Most of the complainants who claim to have been victims of the “takeover” of Balikatan are already the third and fourth owners of low cost housing that they have assumed from its original owners.

De Castro added that the properties sold to Balikatan were low cost housing that were delinquent in payment with the National Housing Mortgage Finance Corporation.

“Iba kasi pag private sector na ang kumokolekta, hindi tulad pag gobyerno na binabalewala lang ng tao dahil gobyerno nga ito (It is different when it is a private firm that collects payment, unlike when it is the government which the people would usually shrug off as it is only the government),” de Castro said.

He added that they are not in the authority to dictate upon the private entity on its mode of collection. “Pero baka pwede natin pakiusapan (But maybe we can try to talk to them),” he said on the possibility of changing the term of payment being offered by Balikatan.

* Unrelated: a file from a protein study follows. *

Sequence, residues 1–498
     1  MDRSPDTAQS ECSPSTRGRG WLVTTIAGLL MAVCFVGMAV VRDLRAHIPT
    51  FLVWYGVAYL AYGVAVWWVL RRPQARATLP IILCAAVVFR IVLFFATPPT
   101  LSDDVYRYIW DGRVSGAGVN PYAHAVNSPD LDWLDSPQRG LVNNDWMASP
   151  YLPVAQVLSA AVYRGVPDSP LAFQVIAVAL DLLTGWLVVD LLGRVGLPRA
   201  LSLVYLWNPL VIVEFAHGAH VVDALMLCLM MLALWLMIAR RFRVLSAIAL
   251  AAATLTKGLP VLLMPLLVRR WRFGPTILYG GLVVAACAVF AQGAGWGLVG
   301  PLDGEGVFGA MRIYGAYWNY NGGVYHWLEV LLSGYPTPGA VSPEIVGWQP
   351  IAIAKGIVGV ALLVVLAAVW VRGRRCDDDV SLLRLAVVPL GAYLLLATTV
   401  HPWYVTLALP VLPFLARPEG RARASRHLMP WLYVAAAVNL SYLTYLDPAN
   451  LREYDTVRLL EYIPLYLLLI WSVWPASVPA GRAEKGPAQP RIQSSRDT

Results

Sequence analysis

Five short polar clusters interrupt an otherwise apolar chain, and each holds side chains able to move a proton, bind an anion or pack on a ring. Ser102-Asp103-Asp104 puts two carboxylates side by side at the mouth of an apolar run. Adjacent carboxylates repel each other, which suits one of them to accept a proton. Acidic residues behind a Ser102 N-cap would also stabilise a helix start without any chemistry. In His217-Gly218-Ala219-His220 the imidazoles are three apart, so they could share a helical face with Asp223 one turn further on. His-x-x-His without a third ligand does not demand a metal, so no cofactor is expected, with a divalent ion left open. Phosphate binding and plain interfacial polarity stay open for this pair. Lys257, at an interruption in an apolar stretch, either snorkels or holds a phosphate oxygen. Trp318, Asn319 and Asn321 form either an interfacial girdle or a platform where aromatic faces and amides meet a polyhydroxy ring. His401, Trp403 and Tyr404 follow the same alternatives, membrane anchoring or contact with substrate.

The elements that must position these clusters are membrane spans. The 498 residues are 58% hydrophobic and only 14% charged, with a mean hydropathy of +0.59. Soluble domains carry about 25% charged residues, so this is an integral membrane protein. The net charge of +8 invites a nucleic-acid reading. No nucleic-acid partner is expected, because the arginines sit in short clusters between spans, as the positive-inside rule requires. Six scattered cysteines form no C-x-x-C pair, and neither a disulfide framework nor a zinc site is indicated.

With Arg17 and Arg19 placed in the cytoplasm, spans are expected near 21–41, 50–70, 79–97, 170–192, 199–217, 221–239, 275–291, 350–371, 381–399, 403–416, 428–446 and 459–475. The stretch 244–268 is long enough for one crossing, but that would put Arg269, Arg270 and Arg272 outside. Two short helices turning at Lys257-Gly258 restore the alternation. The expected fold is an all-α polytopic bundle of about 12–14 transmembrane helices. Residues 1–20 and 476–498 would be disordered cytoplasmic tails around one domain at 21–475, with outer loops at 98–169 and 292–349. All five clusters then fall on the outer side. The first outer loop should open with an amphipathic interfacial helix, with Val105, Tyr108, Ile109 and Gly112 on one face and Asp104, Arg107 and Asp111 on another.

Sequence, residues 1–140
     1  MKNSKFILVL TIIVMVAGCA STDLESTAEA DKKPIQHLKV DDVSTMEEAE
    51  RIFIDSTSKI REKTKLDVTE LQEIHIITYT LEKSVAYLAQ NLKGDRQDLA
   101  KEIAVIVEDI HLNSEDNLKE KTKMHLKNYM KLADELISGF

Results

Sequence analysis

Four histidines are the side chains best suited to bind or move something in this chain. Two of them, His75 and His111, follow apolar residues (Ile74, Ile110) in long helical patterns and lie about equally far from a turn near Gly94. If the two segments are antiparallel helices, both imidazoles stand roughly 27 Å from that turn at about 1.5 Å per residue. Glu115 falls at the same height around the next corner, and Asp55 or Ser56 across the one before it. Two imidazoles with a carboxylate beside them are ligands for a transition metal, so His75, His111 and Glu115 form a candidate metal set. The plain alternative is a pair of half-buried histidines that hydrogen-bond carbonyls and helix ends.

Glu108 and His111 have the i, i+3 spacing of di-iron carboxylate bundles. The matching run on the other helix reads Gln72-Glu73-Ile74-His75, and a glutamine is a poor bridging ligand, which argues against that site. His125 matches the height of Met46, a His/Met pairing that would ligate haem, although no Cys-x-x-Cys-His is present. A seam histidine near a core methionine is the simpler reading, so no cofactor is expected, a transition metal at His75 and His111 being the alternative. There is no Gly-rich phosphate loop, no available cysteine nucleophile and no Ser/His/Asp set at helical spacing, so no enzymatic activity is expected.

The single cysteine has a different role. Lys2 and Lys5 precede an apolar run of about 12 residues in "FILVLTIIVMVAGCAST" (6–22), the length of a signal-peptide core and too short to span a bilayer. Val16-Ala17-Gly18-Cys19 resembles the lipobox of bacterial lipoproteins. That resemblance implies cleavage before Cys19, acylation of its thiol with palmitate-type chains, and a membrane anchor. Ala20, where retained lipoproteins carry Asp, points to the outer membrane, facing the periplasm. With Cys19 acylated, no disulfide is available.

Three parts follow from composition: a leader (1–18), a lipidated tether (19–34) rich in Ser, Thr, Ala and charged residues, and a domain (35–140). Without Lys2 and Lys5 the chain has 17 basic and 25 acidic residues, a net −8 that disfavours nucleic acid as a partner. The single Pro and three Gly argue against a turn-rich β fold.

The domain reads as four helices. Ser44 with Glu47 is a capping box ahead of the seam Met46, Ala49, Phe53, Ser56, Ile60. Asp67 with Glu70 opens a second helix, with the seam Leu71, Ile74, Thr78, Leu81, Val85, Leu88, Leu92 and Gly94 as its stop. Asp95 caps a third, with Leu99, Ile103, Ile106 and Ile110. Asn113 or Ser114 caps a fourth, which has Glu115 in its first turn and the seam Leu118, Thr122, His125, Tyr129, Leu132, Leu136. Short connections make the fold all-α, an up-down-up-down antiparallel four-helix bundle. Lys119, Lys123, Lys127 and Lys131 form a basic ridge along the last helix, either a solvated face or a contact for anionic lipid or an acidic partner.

House Speaker Prospero Nograles meanwhile called for an investigation on the matter, as he was even surprised with the issue involving Balikatan.

“We will have this investigated with the committee on housing, this is the first time that I have heard of this issue,” Nograles told reporters last Thursday evening.

Nograles said the mere fact that a private company is making business out of low cost housing is more than enough reason to call for an investigation. “It defeats the purpose of socialized housing,” he said.

“The housing program of the government is for us to provide more houses for the people, not to embargo more houses from them,” Nograles said.

The House Speaker added that socialized housing provided by the government is almost totally subsidized. “It is not meant for business,” he said.

(Sunstar Davao)